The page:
First and foremost, you have to be the most jaded or cynical scholar not to be excited by the release of the Google Books Ngram Viewer and (perhaps even more exciting for the geeks among us) the associated datasets. In the same way that the main Google Books site has introduced many scholars to the potential of digital collections on the web, Google Ngrams will introduce many scholars to the possibilities of digital research. There are precious few easy-to-use tools that allow one to explore text-mining patterns and anomalies; perhaps only Wordle has the same dead-simple, addictive quality as Google Ngrams. Digital humanities needs gateway drugs. Kudos to the pushers on the Google Books team.
Second, on the concurrent launch of “Culturomics“: Naming new fields is always contentious, as is declaring precedence. Yes, it was slightly annoying to have the Harvard/MIT scholars behind this coinage and the article that launched it, Michel et al., stake out supposedly new ground without making sufficient reference to prior work and even (ahem) some vaguely familiar, if simpler, graphs and intellectual justifications. Yes, “Culturomics” sounds like an 80s new wave band. If we’re going to coin neologisms, let’s at least go with Sean Gillies’ satirical alternative: Freakumanities. No, there were no humanities scholars in sight in the Culturomics article. But I’m also sure that longtime “humanities computing” scholars consider advocates of “digital humanities” like me Johnnies-come-lately. Luckily, digital humanities is nice, and so let us all welcome Michel et al. to the fold, applaud their work, and do what we can to learn from their clever formulations. (But c’mon, Cantabs, at least return the favor by following some people on Twitter.)
Third, on the quality and utility of the data: To be sure, there are issues. Some big ones. Mark Davies makes some excellent points about why his Corpus of Historical American English (COHA) might be a better choice for researchers, including more nuanced search options and better variety and normalization of the data. Natalie Binder asks some tough questions about Google’s OCR. On Twitter many of us were finding serious problems with the long “s” before 1800 (Danny Sullivan got straight to the naughty point with his discourse on the history of the f-bomb). But the Freakumanities, er, Culturomics guys themselves talk about this problem in their caveats, as does Google.
Moreover, the data will improve. The Google n-grams are already over a year old, and the plan is to release new data as soon as it can be compiled. In addition, unlike text-mining tools like COHA, Google Ngrams is multilingual. For the first time, historians working on Chinese, French, German, and Spanish sources can do what many of us have been doing for some time. Professors love to look a gift horse in the mouth. But let’s also ride the horse and see where it takes us.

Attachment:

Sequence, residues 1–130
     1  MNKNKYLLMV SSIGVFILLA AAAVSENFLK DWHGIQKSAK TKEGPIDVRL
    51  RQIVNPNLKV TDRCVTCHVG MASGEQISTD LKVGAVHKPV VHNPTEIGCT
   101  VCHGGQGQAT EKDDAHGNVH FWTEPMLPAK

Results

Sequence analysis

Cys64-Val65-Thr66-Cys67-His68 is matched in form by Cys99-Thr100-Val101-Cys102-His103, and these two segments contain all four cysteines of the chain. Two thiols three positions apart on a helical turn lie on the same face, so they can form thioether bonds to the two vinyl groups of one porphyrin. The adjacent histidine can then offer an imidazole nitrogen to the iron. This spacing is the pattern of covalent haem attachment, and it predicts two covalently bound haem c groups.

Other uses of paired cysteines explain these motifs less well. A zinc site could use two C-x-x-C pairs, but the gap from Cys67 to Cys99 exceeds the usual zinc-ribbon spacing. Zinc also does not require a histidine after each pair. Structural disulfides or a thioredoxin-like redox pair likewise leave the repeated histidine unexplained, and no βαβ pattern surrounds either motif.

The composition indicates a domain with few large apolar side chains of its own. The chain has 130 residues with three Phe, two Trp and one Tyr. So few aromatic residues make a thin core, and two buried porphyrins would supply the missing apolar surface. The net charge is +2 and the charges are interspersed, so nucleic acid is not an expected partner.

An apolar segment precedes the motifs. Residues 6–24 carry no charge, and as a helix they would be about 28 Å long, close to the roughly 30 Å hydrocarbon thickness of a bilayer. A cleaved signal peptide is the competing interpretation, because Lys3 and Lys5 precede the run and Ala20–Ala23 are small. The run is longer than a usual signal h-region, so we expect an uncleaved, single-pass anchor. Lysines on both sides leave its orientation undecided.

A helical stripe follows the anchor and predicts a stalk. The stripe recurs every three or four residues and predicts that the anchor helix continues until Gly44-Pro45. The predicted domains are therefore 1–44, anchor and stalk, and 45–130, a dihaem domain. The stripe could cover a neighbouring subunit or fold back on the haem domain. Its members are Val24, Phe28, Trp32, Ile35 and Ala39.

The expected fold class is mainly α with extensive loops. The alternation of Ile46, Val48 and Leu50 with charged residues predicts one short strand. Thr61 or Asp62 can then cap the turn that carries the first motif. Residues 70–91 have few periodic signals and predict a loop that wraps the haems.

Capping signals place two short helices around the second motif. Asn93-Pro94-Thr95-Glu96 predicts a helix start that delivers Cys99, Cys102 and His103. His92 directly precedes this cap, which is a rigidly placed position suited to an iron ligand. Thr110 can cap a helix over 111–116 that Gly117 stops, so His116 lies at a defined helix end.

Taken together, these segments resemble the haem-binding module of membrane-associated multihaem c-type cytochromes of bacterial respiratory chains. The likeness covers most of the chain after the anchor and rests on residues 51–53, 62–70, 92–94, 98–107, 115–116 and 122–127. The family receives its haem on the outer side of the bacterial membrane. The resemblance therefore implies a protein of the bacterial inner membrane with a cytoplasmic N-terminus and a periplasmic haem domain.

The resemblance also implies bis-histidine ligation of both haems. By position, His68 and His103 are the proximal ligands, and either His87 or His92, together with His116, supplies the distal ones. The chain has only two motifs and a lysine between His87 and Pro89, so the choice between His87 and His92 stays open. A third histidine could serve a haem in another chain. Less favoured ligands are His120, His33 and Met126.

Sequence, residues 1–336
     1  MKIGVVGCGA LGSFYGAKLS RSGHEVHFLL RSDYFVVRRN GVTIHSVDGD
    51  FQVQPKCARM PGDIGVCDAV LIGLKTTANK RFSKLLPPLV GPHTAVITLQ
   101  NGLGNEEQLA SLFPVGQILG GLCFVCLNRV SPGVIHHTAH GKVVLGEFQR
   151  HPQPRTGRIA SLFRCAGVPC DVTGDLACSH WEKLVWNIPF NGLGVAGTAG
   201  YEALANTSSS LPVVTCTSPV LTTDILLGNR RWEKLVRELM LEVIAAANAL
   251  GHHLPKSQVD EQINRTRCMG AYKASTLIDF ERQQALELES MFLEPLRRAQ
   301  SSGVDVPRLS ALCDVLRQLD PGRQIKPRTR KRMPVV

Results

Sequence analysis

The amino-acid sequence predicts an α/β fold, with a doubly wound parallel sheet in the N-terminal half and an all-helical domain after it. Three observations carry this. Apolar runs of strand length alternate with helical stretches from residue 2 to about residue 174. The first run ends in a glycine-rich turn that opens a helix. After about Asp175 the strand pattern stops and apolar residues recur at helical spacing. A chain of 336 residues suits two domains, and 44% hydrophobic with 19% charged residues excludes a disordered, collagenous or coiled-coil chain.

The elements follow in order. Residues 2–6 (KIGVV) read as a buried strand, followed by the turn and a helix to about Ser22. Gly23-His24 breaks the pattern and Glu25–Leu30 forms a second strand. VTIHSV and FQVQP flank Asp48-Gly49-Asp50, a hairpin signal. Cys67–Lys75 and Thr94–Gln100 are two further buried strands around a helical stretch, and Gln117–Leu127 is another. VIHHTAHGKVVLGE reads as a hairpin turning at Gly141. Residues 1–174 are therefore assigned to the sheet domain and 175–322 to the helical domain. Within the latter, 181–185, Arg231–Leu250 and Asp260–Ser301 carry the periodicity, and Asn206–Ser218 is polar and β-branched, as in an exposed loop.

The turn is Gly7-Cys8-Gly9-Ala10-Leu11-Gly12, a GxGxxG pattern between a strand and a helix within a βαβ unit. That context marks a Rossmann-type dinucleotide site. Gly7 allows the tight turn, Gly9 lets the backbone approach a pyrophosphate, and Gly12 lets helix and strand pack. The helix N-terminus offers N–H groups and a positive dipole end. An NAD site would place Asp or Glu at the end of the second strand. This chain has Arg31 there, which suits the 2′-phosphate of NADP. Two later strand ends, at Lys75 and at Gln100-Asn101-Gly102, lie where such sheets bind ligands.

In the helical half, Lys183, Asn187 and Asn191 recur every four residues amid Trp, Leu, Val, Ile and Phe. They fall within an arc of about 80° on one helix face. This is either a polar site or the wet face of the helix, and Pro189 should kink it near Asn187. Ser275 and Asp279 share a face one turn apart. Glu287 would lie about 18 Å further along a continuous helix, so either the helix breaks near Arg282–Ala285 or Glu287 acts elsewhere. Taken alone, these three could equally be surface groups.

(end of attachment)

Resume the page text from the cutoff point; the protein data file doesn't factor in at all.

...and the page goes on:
So where does it take us? My initial tests on the viewer and examination of the datasets—which, unlike the public site, allow you to count words not only by overall instances but, critically, by number of pages those instances appear on and number of works they appear in—hint at much work to be done:
1) The best possibilities for deeper humanities research are likely in the longer n-grams, not in the unigrams. While everyone obsesses about individuals words (guilty here too of unigramism) or about proper names (which are generally bigrams), more elaborate and interesting interpretations are likelier in the 4- and 5-grams since they begin to provide some context. For instance, if you want to look at the history of marriage, charting the word itself is far less interesting than seeing if it co-occurs with words like “loving” or “arranged.” (This is something we learned in working on our NEH-funded grant on text mining for historians.)
2) We should remember that some of the best uses of Google’s n-grams will come from using this data along with other data. My gripe with the “Culturomics” name was that it implied (from “genomics”) that some single massive dataset, like the human genome, will be the be-all and end-all for cultural research. But much of the best digital humanities work has come from mashing up data from different domains. Creative scholars will find ways to use the Google n-grams in concert with other datasets from cultural heritage collections.
3) Despite my occasional griping about the Culturomists, they did some rather clever things with statistics in the latter part of their article to tease out cultural trends. We historians and humanists should be looking carefully at the more complex formulations of Michel et al., when they move beyond linguistics and unigram patterns to investigate in shrewd ways topics like how fleeting fame is and whether the suppression of authors by totalitarian regimes works. Good stuff.
4) For me, the biggest problem with the viewer and the data is that you cannot seamlessly move from distant reading to close reading, from the bird’s eye view to the actual texts. Historical trends often need to be investigated in detail (another lesson from our NEH grant), and it’s not entirely clear if you move from Ngram Viewer to the main Google Books interface that you’ll get the book scans the data represents. That’s why I have my students use Mark Davies’ Time Magazine Corpus when we begin to study historical text mining—they can easily look at specific magazine articles when they need to.
How do you plan to use the Google Books Ngram Viewer and its associated data? I would love to hear your ideas for smart work in history and the humanities in the comments, and will update this post with my own further thoughts as they occur to me.